Had a pretty good class. I’d forgotten how much more fun BC is during the second half of the semester!
We did a different port de bras for plies, the one I found so confusing last semester (starting from arm out in second, stetch out the hand and arm(like if doing a grand plie) when going down for the first demi plie, bring arm to low fifth when coming up from first demi plie, bring the arm to middle fifth (first?) when going down for second demi plie, open arm out to second when coming up from second demi plie,), and it was so much easier this time around, like second nature. Yay, progress! Teacher didn’t come up behind me and shift my pelvis into correct position, so I’m taking that as a good sign as well. When we balanced at the end of the plies combination I felt as though my balance was a little better than last class as well.
Which reminds me, Teacher made a remark about how it’s better to fall forward than fall back when balancing. I would love to ask clarification on this (since I usually fall forward when I go off balance, rather than back), but honestly I would not like it to turn into an awkward movement. It often feels like my chest is the elephant standing in the corner of the studio, the thing that must not be mentioned or acknowledged in any way…
New – still pretty basic,but slightly more challenging – tendu combination. From first, en avant, a la seconde, and derriere 2 tendus, third tendu flex the foot before pointing it again and bringing it back in. After tendu derriere, we tendued devant and closed fifth, tendu a la second and close fifth derriere, tendu derriere and close fifth, tendu a la seconde and close first. Repeat in en dedans direction. I liked how it was slightly more complex than our usual BC tendu combinations, but not a super fast speed like in IC.
We did a long rond de jambes a terre and en l’air combination, going both en dehors and en dedans twice. After the rond de jambe en l’air, we would bring our pointed foot down to the floor out in tendu, close in plie, and then rise up to a passe releve “balance” (in quotes since I don’t think a single one of us let go of the barre). We worked on passe releve at the barre quite a lot, actually – which you know means that we were going to be doing plenty of that in center.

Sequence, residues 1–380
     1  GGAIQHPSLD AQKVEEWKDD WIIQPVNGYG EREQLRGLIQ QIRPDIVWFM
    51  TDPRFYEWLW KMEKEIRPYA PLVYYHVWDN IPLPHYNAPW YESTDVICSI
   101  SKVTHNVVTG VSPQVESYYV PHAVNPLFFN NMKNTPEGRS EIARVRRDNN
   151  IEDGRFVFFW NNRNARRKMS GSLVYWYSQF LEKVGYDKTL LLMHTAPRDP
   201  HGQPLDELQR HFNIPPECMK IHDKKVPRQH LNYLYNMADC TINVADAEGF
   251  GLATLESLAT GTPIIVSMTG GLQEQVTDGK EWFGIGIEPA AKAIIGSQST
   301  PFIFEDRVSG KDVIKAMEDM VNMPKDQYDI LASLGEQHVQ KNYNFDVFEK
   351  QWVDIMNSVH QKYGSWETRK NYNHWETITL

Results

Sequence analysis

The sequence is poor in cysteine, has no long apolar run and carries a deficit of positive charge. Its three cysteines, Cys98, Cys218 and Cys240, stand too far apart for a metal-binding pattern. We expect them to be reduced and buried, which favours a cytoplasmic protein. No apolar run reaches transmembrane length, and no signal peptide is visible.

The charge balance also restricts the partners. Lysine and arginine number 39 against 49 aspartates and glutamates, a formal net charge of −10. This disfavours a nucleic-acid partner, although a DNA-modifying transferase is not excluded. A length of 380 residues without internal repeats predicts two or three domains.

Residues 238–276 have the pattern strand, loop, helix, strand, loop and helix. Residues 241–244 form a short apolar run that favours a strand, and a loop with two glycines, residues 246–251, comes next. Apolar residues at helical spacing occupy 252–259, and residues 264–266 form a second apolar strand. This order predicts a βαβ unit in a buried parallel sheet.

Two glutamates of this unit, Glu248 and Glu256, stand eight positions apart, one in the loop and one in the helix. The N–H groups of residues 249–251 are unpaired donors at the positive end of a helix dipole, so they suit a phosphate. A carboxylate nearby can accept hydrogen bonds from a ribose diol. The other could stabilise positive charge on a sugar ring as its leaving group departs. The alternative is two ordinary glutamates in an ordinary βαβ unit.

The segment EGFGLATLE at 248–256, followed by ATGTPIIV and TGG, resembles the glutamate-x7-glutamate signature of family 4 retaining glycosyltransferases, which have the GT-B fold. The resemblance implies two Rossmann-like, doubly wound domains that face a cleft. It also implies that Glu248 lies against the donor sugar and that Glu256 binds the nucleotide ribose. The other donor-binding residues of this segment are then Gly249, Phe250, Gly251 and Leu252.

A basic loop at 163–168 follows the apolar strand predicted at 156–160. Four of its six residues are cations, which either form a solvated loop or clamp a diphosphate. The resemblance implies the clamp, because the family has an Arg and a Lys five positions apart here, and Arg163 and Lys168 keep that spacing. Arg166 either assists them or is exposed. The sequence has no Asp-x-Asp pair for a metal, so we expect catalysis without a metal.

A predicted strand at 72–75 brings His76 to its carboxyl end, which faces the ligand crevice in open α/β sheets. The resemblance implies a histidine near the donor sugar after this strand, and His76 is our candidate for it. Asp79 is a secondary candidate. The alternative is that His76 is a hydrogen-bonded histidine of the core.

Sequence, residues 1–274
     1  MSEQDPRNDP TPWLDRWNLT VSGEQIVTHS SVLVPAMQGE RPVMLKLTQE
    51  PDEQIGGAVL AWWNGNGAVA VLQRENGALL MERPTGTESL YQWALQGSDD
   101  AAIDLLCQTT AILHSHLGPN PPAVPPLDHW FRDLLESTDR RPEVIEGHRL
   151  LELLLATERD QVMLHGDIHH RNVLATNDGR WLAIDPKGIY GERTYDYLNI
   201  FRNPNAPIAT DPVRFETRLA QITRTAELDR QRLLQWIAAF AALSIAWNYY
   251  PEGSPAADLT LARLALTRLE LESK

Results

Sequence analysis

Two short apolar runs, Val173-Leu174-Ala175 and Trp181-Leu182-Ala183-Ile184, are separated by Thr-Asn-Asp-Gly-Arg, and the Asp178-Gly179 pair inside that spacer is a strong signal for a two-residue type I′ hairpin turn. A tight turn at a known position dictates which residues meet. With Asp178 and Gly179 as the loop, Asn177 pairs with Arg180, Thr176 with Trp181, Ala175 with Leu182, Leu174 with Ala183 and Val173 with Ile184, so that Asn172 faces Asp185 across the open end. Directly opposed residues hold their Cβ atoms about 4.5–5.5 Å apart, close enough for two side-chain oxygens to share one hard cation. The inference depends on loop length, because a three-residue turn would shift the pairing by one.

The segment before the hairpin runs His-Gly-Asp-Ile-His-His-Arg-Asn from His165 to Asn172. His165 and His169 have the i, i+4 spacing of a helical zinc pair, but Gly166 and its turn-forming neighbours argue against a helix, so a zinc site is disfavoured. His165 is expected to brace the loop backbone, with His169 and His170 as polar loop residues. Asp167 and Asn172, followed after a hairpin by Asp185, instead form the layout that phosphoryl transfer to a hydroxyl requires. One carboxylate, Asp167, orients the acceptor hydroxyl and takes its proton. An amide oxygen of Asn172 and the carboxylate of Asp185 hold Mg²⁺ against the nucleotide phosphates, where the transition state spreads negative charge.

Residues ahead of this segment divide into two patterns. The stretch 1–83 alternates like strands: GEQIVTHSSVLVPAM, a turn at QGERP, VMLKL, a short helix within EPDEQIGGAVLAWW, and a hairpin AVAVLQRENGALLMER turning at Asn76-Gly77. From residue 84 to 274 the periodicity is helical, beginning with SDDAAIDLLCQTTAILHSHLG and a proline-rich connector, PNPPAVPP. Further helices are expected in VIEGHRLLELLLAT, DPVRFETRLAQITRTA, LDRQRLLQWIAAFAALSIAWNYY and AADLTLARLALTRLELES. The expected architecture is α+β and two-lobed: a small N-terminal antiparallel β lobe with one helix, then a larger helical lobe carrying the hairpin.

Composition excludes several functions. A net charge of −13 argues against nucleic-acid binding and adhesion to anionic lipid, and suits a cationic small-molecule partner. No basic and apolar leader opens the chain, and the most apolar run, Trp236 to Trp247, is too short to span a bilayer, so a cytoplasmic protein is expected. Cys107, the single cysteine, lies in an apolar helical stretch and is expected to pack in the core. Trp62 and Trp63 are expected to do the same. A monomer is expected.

Finishing up our barre, we did more of those fun foot-in-hand stretches. I love doing these, they make me feel so flexible!
We started off center with a balancé combination, similar to what we’ve worked on before (4 balances with arms, step into first arabesque, pas de bourree) but this time adding on a releve sous-sus balance the first time through, and passe releve balance the second time. I continue to work on keeping my foot pointed on the way down, but in general my passe releve balances are getting more stable. (I’m going to try to not be jealous of any brand new beginners that can balance already, as when I had been balleting that long I couldn’t even rise up in one-legged releves.) My balancés have gotten much more fluid as well, though to be fair we were going at a pretty slow tempo.
During chaines I was remembering to engage my back and it totally helped with stabilty. I wish I could say that engaging my back during turning is in my muscle memory but that would not be very true. It’s one of those things that I know I’m supposed to be doing, but when I find myself in class, lined up with the other students and Teacher tells us to go it’s a little nerve-wracking. So I forget what I’m supposed to be doing and focus/freak out about the (seemingly) immediate objective of Cross The Enormous Studio – And Quick! Today though, as I started my series of turns I was like ‘Ok, arms? Check. Back? Check Spotting? Check’ and tried to not think to much about the fact that other people turn way faster than me, or the possibility of a collision.
After we did a few sets of regular sautes, Teacher told us to split up into 2 groups for our echappe, echappe, echappe, soubresaut, soubresaut repeat combination. The first group was going to go at a slower tempo, then other group at a faster one. Or we could choose to do both (I did both). During the slower tempo, I was able to focus on stuff like pointing my feet and landing in plie. My jumps from a la seconde, like to close the echappes, have gotten much stronger than a few months ago. And for whatever reason, I find it much easier to point my feet in soubresauts than sautes from first.
At the faster tempo it was hard! I was able to remember what kind of jump I’m doing next, and land with the correct foot in front, but other than that it was sloppy. My feet were nowhere near pointed, and I may have been losing my turnout. However, it was so much fun! By the end of going through both combinations twice I was really feeling like I was getting a cardio workout.
We ran out of time for reverance, but it was ok – I was exhausted.